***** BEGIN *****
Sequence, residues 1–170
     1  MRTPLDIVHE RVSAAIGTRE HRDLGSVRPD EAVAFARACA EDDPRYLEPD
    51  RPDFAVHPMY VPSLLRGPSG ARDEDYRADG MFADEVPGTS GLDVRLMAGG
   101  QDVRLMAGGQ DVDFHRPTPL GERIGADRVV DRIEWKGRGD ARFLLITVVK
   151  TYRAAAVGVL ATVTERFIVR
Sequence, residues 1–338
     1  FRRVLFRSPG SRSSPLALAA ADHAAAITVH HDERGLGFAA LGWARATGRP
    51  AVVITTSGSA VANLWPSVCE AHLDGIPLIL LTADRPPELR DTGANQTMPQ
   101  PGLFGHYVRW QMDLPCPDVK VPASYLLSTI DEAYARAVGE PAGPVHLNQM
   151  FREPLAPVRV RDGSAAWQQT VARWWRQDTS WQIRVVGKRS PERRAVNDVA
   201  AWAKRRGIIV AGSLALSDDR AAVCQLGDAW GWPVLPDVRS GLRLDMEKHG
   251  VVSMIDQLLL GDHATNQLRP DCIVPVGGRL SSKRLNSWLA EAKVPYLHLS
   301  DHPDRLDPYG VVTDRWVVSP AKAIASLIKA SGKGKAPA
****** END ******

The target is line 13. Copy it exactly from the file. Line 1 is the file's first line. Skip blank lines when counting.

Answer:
   301  DHPDRLDPYG VVTDRWVVSP AKAIASLIKA SGKGKAPA